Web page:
Tuesday, February 23, 2010

Pecan Sandies

My grandpa liked the chocolate chip cookies I once made, so I thought for Chinese New Years, I could make him some other cookies he liked. Looking around, I stumbled across some very yummy looking recipes for pecan sandies, and finally settled on using the one from Smitten Kitchen. Let's just say, the result was melt-in-your mouth delicious, and made the whole house smell amazing while baking, to boot. As part of my standard operating procedure, I reduced the amount of sugar - for this recipe, I'm not sure that was the best of ideas. At least if something's not sweet enough, you can always sweeten it by dipping it in chocolate, or spreading some Nutella on before eating! :)


slightly over 1 cup pecans
2 cups flour
1 cup softened butter
1/2 cup powdered sugar
2 teaspoons vanilla extract
1 teaspoon salt
1/2 teaspoon baking powder

1. Preheat the oven to 350F. Bake the pecans for about 12min, until they are browned and nutty. They will be delicious at this point, so feel free to bake a few extra to munch on. After they cool, grind the nuts with 1/4 cup of flour in the food processor (depending on the seal of your food processor, it might make a mess, so clear the area around it). Set aside.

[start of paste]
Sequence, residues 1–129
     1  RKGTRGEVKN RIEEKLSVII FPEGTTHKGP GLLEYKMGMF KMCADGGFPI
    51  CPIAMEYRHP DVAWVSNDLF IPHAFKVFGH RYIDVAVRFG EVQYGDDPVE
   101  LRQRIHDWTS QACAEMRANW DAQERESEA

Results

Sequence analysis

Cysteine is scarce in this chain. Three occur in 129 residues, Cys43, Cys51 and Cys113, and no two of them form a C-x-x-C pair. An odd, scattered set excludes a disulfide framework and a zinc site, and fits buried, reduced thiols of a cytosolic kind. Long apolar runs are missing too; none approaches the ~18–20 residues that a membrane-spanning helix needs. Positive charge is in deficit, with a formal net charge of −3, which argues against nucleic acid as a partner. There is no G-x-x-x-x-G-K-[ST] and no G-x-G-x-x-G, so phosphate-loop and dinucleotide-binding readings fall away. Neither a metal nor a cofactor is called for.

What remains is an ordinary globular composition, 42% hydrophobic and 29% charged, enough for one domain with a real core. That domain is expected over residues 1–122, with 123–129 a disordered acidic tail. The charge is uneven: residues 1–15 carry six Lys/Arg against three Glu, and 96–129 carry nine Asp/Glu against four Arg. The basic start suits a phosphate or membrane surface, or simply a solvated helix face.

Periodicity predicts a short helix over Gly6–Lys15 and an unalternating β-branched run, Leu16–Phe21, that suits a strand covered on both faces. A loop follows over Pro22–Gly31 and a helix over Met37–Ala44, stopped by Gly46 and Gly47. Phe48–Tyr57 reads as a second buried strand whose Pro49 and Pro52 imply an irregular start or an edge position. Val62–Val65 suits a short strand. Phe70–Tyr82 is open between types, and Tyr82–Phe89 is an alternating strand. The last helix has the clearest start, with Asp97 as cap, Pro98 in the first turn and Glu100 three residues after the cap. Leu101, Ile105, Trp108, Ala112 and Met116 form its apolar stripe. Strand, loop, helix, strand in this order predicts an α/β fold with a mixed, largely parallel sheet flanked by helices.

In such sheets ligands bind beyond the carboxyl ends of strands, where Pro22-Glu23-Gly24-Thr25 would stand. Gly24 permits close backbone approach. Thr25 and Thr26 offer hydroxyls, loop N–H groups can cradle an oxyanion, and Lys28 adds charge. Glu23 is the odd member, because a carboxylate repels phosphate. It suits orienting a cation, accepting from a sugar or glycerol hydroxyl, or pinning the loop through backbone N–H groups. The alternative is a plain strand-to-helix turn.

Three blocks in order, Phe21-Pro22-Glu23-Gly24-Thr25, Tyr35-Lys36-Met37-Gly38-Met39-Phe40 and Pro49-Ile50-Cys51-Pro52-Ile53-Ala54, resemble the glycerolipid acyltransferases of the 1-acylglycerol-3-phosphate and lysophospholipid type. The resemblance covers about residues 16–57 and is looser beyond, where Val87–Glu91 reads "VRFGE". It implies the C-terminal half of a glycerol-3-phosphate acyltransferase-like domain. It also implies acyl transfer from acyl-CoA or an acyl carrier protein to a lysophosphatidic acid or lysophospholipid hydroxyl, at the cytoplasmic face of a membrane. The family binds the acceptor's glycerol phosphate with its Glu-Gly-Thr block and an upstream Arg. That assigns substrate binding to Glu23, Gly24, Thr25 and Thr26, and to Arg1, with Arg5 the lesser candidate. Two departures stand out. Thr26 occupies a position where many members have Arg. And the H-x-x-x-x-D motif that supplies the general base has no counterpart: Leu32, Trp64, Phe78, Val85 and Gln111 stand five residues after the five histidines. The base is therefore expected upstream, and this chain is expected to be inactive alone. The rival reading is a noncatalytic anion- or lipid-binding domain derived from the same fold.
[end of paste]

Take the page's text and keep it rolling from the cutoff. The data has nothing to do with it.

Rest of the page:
2. Cream the butter and sugar together. Stir in the vanilla. Sift together the remaining flour, salt, and baking powder. Add to the wet ingredients until just combined. Stir in the nut mixture. Form the dough into a disk, wrap in plastic wrap, and chill until firm, about 2hrs.

3. Preheat the oven to 325F. I cut the dough into four quarters, then rolled each quarter between two sheets of wax paper until they were the thickness I wanted my cookies (it doesn't rise much in the oven). Cut into squares of desired size. The recipe said to not reroll scraps - I'm not sure why, but I just baked them as was and munched on them myself. Maybe that's why?

4. Put on baking sheet with a little space in between (they don't spread, so you don't need that much space in between). Bake at 325F until golden brown, about 12 minutes. Cool on wire rack; repeat for remaining dough.

Friday, February 19, 2010

Third Time's the Charm? Brownies #3

Adrienne's post on how brownies from scratch were always inferior to brownies from mix read to me like a challenge. So I started with a base recipe and started making adjustments, making sure to take careful notes after each batch. I also started making half-batches because y'know, trial brownies... Upon hearing my quest for the perfect brownie recipe, my friends started giving comments, which have helped a lot, so thanks guys! While I was making this batch, my roommate's boyfriend suggested I incorporate Nutella and hazelnuts into my next experiment - that suggestion was very well-received and will happen next time. I keep meaning to get walnuts to add as well, but I never get around to actually getting walnuts... Anyway, this batch was my third and I think the first one good enough to make a post about, so here we go.